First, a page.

9.4 FLOSS usage

My experience from Ethiopia confirms that the awareness of FLOSS is low even though the knowledge and usage of ICT is on the rising. I was curious about whether software shops in Ethiopia sold any FLOSS software, so I went into all the software shop I could find. Most of this shops sold unlicensed copies of proprietary software alongside some software that at least came in a box, many which seemed second hand. Even though it is perfectly legal to sell Cd’s with open source software I did not see any shop trying to do this.

The previously mentioned organisation Relevantive was in Ethiopia in connection with a planned project with the following aims in Ethiopia
(Muehlig and Horstmann 2004):

Some representatives from Relevantive traveled to Ethiopia in April 2004 in connection with the project’s evaluation phase. In the report from this travel, a man named Daniel Yacob was mentioned in connection with open source. Daniel Yacob is director of the Ge’ez Frontier Foundation (GFF)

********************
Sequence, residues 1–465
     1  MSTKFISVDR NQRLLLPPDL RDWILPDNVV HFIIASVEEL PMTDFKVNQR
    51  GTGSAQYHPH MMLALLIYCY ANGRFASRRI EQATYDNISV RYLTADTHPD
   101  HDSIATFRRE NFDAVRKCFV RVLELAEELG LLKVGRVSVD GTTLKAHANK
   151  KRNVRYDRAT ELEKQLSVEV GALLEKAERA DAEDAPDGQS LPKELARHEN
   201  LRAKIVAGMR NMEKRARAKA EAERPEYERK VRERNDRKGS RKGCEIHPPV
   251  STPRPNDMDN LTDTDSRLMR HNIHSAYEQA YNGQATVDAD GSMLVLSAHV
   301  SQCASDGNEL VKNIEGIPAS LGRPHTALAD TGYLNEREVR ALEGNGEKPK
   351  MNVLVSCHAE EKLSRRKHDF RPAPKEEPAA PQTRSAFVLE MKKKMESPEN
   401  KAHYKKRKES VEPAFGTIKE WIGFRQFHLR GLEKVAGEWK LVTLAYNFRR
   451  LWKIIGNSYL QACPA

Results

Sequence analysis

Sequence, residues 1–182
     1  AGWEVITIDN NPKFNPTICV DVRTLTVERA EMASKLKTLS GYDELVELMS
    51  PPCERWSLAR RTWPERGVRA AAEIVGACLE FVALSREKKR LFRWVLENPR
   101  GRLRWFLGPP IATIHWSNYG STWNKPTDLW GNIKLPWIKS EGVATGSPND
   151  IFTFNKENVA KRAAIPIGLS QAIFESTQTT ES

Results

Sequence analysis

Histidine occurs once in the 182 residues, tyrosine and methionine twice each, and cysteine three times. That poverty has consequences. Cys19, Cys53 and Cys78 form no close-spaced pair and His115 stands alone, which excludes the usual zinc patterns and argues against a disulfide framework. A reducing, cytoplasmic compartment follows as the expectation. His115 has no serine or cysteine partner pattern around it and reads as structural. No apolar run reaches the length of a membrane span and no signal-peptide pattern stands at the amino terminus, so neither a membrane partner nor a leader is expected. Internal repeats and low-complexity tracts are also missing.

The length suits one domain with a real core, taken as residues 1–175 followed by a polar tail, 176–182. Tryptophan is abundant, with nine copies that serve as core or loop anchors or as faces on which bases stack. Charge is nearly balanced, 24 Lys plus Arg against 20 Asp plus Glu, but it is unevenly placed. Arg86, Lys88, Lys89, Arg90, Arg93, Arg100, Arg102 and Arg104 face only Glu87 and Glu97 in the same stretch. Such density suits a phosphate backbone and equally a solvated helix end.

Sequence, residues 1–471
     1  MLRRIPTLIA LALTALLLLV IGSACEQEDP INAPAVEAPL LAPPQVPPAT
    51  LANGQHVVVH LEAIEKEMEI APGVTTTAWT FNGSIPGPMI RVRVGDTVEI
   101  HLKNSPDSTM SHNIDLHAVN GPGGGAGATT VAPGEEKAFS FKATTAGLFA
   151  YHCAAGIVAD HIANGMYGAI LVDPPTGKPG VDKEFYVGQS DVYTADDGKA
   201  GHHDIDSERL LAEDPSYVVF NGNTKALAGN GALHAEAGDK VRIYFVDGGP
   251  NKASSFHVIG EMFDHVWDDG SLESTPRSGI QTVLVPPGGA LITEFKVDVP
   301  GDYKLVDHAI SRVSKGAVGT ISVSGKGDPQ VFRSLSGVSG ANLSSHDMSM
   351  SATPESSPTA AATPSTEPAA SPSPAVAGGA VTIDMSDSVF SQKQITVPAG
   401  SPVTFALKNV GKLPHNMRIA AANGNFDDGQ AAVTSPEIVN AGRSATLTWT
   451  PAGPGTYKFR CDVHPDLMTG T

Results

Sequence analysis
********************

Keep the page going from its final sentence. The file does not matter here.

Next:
( http://www.geez.org/) and is very active in the Amharic translation and localisation of open source software. He is working on an Amharic translation of the Gnome desktop environment. Daniel Yacob mentioned three considerations about open source in Ethiopia (Horstmann 2004).

  1. FLOSS Software being free of cost was no advantage, as most of the software in use is either provided by development aid or pirate copies.
  2. Developing FLOSS Software voluntarily in one’s spare time would find no supporters, as the need for paid work is overwhelming.
  3. One of the major advantages of Linux turned out to be its security concept and invulnerability towards viruses. As the local knowledge regarding computer/network security is very low and - because of low bandwidth – the stakes for downloading the latest patches and anti-virus signatures are very high, keeping computers free of exploits is highly valuated.

As might be expected I saw very little use of FLOSS in Ethiopia. The exceptions are our software DHIS, which had not actually come to use yet, and the public domain Epi-info. At AAU I saw that they used the FLOSS web proxy software Squid. The United Nations Mission in Ethiopia and Eritrea (UNMEE) ( http://www.unmeeonline.org/) uses FLOSS and is conscious about it. The Ethiopian newspaper The Reporter has an on-line edition hosted on a Linux server and using Apache and PHP, but this host is located outside Ethiopia. The Reporter has been a useful source for me in writing this thesis. Other than this I have seen little evidence of FLOSS usage in Ethiopia.